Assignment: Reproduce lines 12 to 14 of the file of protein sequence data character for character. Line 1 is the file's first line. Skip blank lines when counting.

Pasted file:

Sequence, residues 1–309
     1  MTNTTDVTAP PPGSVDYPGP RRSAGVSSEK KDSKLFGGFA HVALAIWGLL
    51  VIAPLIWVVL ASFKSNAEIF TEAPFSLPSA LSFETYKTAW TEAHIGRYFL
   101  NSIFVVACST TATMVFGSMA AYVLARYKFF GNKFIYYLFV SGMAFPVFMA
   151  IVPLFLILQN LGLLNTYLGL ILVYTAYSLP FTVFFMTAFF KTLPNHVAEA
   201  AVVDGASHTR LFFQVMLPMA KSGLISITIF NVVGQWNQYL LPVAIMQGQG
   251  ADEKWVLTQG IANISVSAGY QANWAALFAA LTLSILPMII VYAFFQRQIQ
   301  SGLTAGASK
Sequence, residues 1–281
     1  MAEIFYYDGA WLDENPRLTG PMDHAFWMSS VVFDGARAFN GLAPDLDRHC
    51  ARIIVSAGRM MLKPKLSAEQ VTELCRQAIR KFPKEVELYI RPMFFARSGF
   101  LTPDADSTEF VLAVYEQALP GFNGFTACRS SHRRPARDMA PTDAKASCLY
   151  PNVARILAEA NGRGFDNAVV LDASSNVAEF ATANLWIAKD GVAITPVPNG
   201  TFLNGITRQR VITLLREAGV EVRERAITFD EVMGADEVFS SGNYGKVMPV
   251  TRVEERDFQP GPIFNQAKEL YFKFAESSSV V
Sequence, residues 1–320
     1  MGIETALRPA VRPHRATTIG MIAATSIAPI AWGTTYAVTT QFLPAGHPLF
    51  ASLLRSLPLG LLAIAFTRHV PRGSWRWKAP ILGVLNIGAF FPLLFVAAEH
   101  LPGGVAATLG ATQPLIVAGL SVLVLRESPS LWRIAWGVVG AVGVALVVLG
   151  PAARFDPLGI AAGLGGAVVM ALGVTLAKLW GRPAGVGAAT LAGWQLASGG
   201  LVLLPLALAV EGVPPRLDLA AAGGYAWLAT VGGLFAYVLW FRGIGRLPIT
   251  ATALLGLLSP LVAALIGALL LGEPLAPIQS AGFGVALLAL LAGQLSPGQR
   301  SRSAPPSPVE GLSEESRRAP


   101  LTPDADSTEF VLAVYEQALP GFNGFTACRS SHRRPARDMA PTDAKASCLY
   151  PNVARILAEA NGRGFDNAVV LDASSNVAEF ATANLWIAKD GVAITPVPNG
   201  TFLNGITRQR VITLLREAGV EVRERAITFD EVMGADEVFS SGNYGKVMPV